As the name implies, plants of this species can become quite tall (as Sansevierias go). Actually, it rather looks like a Yucca.
The stems are up to 1.5 m tall, branching at or near the base, with many leaves. These are 20-45 cm long and 2-4.5 cm wide, with a whitish or reddish margin and usually somewhat twisted.
The species is locally very common in lowland thornbush in Kenya and Tanzania.
The pictures were taken on 4 October 2015 in the Bamba area (Kilifi district, Kenya) at altitudes between 160 and 230 m.
This species was described in 1994 from Hurran Hurra in Kenya (west of North Horr, at the north end of the Chalbi Desert). A year later a second locality was found, but no other ones have been recorded.
Northern Kenya is rather under-collected, so the species may well occur in other places too, but for the moment it should be considered to be rare and endangered.
I was therefore quite chuffed to be able to see the species in the wild. The population looked quite healthy and several plants were in flower. The altitude of the locality is about 580 m.
Aloe ketabrowniorum forms low clumps to ca. 1 m in diameter, branching from the base. The stem creep on the ground with their tips raised and are to 30 cm long.
The leaves are to 38 cm long and 4.5 cm wide at the base, with small but firm marginal teeth. The inflorescences are to 70 cm tall.
The last photo depicts a seedling in cultivation (a scan from an old slide). The little plant shows the transitional phase between forming pairs of spines and single spines.
The name kalisana has its origin in Swahili and means very fierce. This is indeed the first impression the plants convey. At the same time they are peculiarly beautiful with their colourful stems and often almost white spinescence .
The plant’s roots are thick and fleshy and give rise to a stem up to 7.5 cm high and 20 cm in diameter, its top usually more or less at ground-level. Its sprawling branches are up 1 m long and to 2 cm thick, with very robust, to 7 cm long spines.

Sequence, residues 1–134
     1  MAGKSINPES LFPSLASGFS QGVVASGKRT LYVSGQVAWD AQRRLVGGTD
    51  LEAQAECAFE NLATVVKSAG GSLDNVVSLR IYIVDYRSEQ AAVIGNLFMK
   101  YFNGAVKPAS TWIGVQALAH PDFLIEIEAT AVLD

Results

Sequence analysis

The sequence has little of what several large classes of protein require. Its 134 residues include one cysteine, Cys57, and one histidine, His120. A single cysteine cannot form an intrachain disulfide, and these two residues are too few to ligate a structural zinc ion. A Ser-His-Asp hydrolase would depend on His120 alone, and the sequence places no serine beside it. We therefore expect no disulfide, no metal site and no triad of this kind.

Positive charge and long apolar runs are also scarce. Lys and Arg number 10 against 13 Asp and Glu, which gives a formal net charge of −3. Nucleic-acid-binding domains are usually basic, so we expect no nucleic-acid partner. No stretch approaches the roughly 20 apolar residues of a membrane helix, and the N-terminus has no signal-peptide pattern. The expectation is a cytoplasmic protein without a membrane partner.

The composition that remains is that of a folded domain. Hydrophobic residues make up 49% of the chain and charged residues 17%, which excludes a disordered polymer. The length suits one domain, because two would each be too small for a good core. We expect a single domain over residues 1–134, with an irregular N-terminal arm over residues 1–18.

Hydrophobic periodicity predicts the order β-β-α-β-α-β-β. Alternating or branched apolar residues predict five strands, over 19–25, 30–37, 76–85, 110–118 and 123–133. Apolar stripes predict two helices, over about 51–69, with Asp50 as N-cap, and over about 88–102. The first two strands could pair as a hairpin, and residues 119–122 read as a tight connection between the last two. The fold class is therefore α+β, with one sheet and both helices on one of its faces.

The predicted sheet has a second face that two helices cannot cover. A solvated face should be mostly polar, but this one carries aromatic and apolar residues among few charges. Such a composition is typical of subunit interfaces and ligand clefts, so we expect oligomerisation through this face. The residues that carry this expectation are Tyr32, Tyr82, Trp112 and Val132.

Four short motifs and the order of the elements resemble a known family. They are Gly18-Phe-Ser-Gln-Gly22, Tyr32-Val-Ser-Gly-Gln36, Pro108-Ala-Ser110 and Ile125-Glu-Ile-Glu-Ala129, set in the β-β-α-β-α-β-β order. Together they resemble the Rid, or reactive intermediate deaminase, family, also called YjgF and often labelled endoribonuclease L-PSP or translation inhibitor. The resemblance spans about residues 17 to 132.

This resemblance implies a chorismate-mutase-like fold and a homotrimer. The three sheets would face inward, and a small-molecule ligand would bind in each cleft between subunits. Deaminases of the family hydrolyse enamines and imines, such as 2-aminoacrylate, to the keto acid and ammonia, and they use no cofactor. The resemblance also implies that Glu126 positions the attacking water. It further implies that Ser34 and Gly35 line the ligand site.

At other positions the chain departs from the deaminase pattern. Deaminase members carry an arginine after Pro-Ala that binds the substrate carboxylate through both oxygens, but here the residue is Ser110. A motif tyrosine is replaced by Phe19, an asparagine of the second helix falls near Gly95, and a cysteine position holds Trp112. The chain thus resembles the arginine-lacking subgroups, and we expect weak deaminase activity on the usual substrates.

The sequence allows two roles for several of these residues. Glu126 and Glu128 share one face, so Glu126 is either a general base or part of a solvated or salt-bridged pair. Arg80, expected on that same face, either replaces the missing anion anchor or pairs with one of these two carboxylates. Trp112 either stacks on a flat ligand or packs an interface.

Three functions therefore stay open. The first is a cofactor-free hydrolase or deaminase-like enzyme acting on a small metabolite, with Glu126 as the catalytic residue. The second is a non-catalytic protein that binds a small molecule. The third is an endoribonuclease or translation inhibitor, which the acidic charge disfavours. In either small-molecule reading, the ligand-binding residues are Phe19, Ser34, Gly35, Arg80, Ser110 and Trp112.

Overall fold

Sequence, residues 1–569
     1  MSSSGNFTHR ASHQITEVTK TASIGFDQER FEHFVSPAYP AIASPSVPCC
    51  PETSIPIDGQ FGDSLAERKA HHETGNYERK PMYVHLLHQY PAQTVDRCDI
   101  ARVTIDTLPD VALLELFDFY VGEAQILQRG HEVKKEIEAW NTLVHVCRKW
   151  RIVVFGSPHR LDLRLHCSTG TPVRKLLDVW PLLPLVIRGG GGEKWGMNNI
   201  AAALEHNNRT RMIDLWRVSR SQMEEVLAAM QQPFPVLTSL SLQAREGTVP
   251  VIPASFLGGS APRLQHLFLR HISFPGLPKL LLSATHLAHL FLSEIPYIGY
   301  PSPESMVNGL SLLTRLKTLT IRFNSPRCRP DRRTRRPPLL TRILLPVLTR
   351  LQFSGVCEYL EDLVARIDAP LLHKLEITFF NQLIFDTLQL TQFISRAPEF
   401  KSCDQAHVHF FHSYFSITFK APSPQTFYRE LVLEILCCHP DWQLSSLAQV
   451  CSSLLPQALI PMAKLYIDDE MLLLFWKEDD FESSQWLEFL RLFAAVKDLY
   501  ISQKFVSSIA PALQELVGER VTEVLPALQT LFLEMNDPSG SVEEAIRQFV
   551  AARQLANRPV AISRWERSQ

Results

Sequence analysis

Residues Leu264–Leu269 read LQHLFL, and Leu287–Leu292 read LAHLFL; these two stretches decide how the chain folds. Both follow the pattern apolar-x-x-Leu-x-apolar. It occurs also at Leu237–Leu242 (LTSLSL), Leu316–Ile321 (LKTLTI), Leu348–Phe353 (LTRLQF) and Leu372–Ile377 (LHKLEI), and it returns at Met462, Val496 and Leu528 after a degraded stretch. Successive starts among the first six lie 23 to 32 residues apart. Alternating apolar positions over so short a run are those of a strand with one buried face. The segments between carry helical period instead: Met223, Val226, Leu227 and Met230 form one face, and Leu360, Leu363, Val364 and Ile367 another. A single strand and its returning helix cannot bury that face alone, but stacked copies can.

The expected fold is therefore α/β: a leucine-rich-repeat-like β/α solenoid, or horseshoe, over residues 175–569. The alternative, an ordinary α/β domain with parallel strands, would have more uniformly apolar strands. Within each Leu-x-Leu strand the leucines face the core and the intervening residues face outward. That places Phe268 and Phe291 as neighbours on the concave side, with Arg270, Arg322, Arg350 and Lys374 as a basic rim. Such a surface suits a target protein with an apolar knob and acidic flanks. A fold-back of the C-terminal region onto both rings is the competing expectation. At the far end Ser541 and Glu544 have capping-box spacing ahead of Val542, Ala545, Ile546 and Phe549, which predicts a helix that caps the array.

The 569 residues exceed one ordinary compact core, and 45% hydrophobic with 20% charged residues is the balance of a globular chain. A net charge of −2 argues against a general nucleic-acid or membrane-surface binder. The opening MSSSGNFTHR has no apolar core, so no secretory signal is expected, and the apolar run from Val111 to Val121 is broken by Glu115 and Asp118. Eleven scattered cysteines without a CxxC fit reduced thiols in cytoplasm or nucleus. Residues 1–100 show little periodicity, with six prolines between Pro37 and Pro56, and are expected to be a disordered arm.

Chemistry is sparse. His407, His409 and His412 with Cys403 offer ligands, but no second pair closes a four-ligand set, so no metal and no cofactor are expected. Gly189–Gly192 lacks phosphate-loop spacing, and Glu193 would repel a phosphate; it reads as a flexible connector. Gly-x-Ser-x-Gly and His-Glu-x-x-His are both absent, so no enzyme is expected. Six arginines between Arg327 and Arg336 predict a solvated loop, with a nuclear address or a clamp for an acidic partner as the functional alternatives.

One can find the plants in northern Kenya and southern Ethiopia on gravelly soil (often lava) at an altitude between 100 and 100o m.
The pictures were taken south and north of Mt. Kulal, at altitudes between 485 and 925 m. The plants from this very arid area are usually larger and more robust than those from the lower altitude plains further east.
The first picture gives an impression of one of these desolate places between Loiyangalani and North Horr.
Of the about 900 species of the Pumpkin Family (Cucurbitaceae), nearly 10% can be classified as a caudiciform succulent. The subject of this post is a clear example.
It is a climber with a tuberous rootstock 15-20 cm across, which is visible above ground and tapers into the stems which may be up to 7 m long.
Young stems are green and soft, soon becoming dark green, grey or brownish and somewhat woody.
The plants are dioecious (either male or female) and produce egg-shaped
fruits which are bright red, up to 7 x 3 cm and beaked (=rostrata).
The species occurs in deciduous bushland, thicket , woodland and wooded grassland from sea level to 1650 m in tropical East Africa: southern Ethiopia and the adjacent part of Somalia, northeastern Uganda, Kenya, northern and central Tanzania.
The pictures were taken in Kenya and northern Tanzania, except for the last one, which shows a young plant in cultivation.
Both species in this genus (the other one is M. stenophylla) are characterized by having thick, branched tap-roots.
In this species the leaves are up to 45 mm long and about 5 mm wide.
The showy flowers are often striped and appear in July/August. At least that is what the literature tells us. The photos below however were taken at the end of October.
The plants occur in open patches in grasslands, fynbos or karroo vegetation from Beaufort West to Uniondale, Prince Albert and Oudtshoorn. Again: that is according to the literature, but the pictures were taken rather further west, near the northern entrance to the Seweweekspoort.
When these plants are in flower, they are easy to recognize because of the very big calyxes.
They form robust shrubs to 30 cm tall, with subcymbiform (more or less boat-shaped) leaves. These are 6-8 mm long and to 3 mm wide and have short little spines at the base of each pair.
The flowers are about 3.5 cm in diameter.
The plants occur on flats and rocky sandstone slopes in the
The pictures were taken in October 2013, between Montagu and Anysberg.